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 Post subject: Dielectric coolant recommendations anyone?
PostPosted: Wed Jan 29, 2003 10:11 am 
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Location: Charlotte, North Carolina
Can anyone recommend a dielectric coolant (relatively cheap!) for use within an indirect liquid cooled system? After spending all of my hard earned money I wouldnt want a leek to ruin not only my computer but all the components loacted around it.


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 Post subject:
PostPosted: Thu Jan 30, 2003 4:51 pm 
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Joined: Sun Jan 05, 2003 12:09 pm
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Location: U.K.
No, I can't really recommend a dielectric coolant.

Alcohols: not dielectric, but less conductive than water. Lower specific heat capacity than water. Higher viscosity except for methanol which is less viscous, but I would guess that this would not be enough to offset the 39% lower specific heat capacity and 58% lower thermal conductivity. Flammable. Toxic, especially methanol (which is also the most volatile, i.e. it has a low boiling temperature and evaporates very readily). Ethan-1,2-diol (ethylene glycol, the main component of antifreeze) is very viscous, and less volatile than water.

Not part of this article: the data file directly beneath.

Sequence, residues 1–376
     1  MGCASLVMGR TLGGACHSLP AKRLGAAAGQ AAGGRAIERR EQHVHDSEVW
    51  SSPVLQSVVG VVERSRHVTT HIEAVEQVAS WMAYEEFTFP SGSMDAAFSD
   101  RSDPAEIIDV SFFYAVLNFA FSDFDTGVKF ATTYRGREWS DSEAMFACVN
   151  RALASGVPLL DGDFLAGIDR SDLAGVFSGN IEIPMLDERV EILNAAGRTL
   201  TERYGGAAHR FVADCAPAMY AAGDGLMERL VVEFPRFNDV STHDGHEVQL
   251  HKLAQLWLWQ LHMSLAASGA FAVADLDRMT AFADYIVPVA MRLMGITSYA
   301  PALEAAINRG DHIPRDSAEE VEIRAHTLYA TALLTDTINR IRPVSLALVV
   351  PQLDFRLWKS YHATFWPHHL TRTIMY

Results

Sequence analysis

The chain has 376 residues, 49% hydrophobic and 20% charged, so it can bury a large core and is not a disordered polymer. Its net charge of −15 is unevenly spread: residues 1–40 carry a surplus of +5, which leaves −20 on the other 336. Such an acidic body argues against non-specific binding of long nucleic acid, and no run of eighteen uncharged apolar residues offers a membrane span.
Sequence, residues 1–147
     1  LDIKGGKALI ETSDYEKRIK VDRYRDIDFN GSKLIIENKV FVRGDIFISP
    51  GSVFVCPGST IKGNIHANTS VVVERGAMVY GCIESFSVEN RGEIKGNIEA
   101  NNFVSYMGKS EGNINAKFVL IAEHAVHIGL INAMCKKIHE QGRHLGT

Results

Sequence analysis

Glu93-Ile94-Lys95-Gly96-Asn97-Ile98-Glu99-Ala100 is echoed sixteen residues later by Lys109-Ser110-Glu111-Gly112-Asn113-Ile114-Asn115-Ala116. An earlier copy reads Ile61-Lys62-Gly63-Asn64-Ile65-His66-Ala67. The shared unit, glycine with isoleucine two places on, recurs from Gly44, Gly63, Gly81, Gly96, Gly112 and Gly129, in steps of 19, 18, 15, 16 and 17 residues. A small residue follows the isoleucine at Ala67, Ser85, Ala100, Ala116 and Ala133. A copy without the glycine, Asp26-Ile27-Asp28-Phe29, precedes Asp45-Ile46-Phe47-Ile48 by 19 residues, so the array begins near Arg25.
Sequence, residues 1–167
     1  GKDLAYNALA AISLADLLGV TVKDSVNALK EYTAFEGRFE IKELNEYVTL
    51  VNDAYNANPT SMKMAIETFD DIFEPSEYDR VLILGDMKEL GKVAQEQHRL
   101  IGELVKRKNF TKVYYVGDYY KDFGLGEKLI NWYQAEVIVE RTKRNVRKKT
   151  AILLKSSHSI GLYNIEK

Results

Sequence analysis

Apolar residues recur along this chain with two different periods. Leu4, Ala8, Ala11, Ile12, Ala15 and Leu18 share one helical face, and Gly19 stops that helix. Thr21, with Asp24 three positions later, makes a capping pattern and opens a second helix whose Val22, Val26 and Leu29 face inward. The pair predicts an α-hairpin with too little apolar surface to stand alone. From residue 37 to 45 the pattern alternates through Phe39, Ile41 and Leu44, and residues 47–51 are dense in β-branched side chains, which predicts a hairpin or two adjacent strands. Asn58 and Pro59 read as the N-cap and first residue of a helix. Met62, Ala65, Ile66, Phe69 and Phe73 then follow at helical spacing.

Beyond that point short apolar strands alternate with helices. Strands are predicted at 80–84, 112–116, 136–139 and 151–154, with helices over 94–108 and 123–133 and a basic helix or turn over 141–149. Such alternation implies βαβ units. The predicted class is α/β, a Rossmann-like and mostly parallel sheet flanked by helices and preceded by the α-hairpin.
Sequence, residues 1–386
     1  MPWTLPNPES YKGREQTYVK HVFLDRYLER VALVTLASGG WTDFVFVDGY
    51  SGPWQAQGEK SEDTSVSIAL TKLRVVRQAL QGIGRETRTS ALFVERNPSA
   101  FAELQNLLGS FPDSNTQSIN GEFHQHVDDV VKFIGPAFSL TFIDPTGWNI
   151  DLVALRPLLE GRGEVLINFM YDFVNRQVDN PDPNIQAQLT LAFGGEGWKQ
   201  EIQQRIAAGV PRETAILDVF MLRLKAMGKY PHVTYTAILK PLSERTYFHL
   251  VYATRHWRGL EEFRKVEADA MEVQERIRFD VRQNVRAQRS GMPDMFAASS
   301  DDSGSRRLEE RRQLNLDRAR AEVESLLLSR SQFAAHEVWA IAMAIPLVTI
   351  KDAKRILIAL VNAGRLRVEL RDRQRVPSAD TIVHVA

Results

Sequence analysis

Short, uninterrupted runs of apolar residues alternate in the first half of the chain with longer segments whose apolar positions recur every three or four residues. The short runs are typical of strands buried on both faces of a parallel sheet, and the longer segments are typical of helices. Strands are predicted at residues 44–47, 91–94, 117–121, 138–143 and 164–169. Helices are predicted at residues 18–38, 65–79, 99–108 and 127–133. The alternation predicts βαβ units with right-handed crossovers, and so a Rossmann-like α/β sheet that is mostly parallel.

Hydrocarbons:
they are flammable and have less than half the specific heat capacity of water. Butane (C4H10) is a gas at room temperature. Pentane (C5H12) has low viscosity and boils somewhere in the 40s C (I don't remember exactly). Hexane boils at 67-68 but is badly toxic. As you get into heavier things, oils etc, the volatility decreases (and therefore so does the fire risk) but the viscosity increases, so you have trouble pumping the stuff. Also, oil is unpleasant stuff to clean up if it leaks. Hydrocarbons may dissolve or at least soften some kinds of tubing.

Chlorinated aliphatic compounds:
1,1,1-Trichloroeethane is just liquid but evaporates very readily; I'd have to look up the boiling point. Really rather bad for you. Dissolves many kinds of plastics, lacquers, paints, tubing etc. Not much of a fire risk.
Dichloromethane is similar but only a bit bad for you. Both of those have low viscosity, but I don't know the numbers.

Chlorinated aromatic compounds:
PCBs (polychlorinated biphenyls) have been used successfully on a large scale for cooling large transformers. However they are badly toxic and I don't think they're legal now. Don't do it. (I expect they would dissolve many plastics too.)

Water:
specific heat capacity much greater than any of the alternatives. Low viscosity. Most people who've had spills have found that their equipment works after drying out.

Oh, for some numbers for water and some alcohols you might like to look at this thread from the overclockers.com forums:
http://forum.oc-forums.com/vb/showthrea ... adid=39039
Bear in mind that high thermal conductivity and high specific heat capacity are both good things. (Specific heat capacity (thermal capacity) is the energy absorbed per unit temperature-rise per unit mass.)